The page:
What is a hedge and why does it makes sense to do it?

A hedge is always an investment which is negatively correlated to the main investment. When the main investment goes down, the hedge should go up and if the main investment goes up, then the hedge normally goes down. It is clear, that we like the first, which is to reduce the draw downs with a hedge, but not to reduce the gains.

If you have a stock portfolio, then the main hedge possibilities are:

  1. A VIX ETF like VXX or a VIX Future. These have nearly a -1 correlation.
  2. An inverse ETF on a index like SH which is the inverse of the S&P 500 SPY ETF
  3. Precious metals like GLD or SLV
  4. Treasuries

A lot of people use 1) and 2) to hedge their positions. This may probably make sense if you have a big stock portfolio, and you can not sell everything instantly in case of a market crash. These two must be perfectly timed. I do not think it makes sense to use them as a hedge for longer periods because the VXX ETF has an extremely strong down trend of about 5-10% per month. This is a very effective but also very expensive hedge. Such a hedge will ruin the performance of your portfolio if you keep it longer then one or two weeks. Same with SH. Because the S&P 500 has a long term up trend of about 8%, you will lose about these 8% per year if you use SH as a long term hedge.

Precious metals 3) are much better. They are a safe haven investment. They normally have an inverse correlation to the stock market in times of trouble and on the longer term they should go up at least because of inflation. Gold and Silver are today priced about at their production cost. Sure, it is possible that they go down below today’s prices for a short time, but the down potential is very limited versus the up potential. Mining costs are increasing quite fast and on the long term GLD and SLV will go up at least 5% per year. If you have a Forex trading account you can borrow GLD or SLV for about 0.5% interest today. So it is very cheap to hold these precious metals. I hold quite a big position in Silver and the last months have shown, that this is quite a good hedge. Always when the US market is down, then GLD or SLV goes up.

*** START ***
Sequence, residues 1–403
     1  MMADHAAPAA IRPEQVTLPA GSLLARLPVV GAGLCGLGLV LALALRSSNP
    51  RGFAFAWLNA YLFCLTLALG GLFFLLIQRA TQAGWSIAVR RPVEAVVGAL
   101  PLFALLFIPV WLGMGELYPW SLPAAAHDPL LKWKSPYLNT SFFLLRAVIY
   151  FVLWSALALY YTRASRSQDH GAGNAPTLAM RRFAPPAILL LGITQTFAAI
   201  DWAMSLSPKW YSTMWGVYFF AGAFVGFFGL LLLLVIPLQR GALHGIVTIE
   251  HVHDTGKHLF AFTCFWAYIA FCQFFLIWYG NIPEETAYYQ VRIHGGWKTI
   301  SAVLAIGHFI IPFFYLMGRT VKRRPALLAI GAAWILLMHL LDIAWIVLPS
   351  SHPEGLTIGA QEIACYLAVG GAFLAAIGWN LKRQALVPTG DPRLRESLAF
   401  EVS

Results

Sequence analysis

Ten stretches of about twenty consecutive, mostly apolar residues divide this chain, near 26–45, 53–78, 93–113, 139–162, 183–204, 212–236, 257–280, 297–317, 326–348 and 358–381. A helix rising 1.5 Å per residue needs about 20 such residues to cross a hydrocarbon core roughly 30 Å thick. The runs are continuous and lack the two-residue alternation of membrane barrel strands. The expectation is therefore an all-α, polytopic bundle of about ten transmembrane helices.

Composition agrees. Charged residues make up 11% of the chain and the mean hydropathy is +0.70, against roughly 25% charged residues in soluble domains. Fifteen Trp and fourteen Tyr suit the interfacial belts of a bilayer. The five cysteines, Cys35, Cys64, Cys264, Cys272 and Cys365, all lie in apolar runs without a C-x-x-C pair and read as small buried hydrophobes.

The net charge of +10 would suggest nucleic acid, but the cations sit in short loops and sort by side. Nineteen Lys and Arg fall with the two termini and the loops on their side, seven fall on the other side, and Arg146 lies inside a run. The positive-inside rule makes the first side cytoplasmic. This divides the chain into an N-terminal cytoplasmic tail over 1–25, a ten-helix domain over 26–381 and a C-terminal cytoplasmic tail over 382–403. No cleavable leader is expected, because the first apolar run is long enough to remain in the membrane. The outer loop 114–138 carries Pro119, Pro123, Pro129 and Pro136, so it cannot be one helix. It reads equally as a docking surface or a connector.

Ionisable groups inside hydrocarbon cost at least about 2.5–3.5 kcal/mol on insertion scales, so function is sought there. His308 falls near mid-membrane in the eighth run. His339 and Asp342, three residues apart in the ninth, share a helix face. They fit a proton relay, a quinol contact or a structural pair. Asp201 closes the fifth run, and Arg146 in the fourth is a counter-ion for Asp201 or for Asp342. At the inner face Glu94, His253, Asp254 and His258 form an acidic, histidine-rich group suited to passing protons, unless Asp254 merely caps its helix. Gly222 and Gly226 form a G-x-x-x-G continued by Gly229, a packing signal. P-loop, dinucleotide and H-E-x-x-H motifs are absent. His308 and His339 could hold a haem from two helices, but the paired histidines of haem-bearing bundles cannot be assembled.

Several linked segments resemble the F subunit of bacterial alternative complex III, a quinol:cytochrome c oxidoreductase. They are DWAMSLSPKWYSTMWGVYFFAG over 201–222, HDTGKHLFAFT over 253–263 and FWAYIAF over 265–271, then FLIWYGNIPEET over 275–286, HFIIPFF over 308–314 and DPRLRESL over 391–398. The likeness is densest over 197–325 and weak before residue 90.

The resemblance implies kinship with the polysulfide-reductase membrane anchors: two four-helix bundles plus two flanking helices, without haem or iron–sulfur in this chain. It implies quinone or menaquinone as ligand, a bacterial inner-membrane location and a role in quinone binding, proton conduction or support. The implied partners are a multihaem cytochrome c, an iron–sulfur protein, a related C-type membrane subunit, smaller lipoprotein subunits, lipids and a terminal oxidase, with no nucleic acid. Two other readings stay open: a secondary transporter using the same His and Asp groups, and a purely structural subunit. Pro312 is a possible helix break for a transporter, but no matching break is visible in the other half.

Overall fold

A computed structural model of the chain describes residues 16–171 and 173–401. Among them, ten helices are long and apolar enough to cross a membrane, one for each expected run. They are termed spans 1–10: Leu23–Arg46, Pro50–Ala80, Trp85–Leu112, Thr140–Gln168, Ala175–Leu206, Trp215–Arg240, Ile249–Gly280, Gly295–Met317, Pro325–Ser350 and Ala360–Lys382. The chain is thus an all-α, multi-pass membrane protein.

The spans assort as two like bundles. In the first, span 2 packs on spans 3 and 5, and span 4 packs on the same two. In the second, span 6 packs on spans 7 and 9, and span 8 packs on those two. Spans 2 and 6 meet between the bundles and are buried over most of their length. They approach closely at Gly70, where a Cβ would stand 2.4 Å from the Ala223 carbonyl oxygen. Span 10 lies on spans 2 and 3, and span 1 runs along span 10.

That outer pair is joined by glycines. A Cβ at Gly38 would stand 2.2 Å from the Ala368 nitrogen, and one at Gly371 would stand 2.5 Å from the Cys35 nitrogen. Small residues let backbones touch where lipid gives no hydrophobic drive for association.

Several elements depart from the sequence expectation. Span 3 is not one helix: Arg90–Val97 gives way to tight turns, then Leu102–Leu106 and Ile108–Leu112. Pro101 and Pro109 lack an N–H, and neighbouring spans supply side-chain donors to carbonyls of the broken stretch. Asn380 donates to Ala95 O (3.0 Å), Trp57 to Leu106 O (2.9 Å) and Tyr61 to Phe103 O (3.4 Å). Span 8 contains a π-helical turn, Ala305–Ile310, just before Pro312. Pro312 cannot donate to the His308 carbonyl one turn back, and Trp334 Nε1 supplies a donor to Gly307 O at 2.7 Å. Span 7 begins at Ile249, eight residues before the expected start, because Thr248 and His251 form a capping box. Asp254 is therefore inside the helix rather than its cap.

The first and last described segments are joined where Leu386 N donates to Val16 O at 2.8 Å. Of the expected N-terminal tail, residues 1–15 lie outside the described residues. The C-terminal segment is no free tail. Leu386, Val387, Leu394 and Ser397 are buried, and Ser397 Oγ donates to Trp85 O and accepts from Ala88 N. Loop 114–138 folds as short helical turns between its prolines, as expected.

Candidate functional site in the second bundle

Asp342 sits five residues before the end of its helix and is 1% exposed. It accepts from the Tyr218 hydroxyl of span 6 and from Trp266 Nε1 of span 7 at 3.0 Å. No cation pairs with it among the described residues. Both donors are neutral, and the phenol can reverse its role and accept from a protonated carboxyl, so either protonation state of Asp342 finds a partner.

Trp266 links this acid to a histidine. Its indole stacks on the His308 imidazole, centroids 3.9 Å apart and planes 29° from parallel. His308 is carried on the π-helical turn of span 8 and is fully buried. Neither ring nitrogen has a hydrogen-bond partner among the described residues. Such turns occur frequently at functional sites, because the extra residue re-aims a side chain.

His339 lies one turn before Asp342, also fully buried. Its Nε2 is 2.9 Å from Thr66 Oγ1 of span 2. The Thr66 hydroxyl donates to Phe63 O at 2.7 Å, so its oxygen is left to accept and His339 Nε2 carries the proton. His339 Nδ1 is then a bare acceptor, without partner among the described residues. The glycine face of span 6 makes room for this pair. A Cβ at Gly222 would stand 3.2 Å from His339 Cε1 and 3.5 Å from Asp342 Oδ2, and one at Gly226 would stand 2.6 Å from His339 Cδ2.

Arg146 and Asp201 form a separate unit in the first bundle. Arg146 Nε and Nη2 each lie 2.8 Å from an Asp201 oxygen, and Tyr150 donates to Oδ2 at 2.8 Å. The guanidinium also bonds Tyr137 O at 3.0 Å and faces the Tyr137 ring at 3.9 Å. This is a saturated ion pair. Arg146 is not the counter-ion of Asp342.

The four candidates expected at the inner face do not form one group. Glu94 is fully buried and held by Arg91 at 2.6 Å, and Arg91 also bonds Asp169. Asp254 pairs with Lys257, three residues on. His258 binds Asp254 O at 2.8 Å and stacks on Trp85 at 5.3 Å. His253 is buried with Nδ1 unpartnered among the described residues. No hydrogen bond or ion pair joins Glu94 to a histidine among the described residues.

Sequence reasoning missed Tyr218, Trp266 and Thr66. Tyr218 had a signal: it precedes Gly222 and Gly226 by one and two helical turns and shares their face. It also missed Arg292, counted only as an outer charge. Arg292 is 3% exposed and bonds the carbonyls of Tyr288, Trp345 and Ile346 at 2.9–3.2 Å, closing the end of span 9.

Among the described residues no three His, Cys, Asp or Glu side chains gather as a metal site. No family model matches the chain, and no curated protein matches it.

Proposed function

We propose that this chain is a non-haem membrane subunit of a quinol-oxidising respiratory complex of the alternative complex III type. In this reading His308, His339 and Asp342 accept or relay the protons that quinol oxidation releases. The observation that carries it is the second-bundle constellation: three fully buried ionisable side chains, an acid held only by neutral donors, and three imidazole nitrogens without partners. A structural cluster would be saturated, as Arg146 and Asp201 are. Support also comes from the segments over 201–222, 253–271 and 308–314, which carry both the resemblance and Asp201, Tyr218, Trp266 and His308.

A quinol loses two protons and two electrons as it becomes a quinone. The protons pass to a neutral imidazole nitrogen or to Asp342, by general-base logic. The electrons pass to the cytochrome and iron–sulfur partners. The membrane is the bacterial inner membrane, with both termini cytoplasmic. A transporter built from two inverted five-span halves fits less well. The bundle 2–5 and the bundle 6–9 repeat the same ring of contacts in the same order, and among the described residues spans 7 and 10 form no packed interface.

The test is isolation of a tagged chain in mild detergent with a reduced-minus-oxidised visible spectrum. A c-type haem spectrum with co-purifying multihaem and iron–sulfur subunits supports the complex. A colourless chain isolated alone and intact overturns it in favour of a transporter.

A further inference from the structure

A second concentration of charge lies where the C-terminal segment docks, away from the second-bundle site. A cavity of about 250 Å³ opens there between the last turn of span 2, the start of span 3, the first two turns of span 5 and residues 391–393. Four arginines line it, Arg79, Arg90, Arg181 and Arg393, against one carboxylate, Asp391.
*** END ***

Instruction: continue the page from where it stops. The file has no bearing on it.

Treasuries 4) are also a good “safe haven” hedge, even if the Fed’s tapering process is still ongoing. At the moment treasuries are showing a very constant negative correlation with the stock market. If you add a treasury position to your stock market position, then you can reduce the draw-downs quite a lot. The good thing with Treasuries compared to an inverse S&P500 ETF or a VIX ETF is , that on the longer term they go up by about 4% per year. If you can invest in Treasuries by shorting an -3 inverse TMV ETF, then in addition to these 4% you profit of an additional time decay and the high management fees of this ETF. The TLT ETH is down 2.1% for the last 24 month. Our TMV ETF is down 19%. If you short it then it is up 19%. Because it is 3x leveraged compared to TLT you have to divide by 3. So, compared to TLT which is 2.1% down it is 6.3% up. This is a 8% difference to TLT.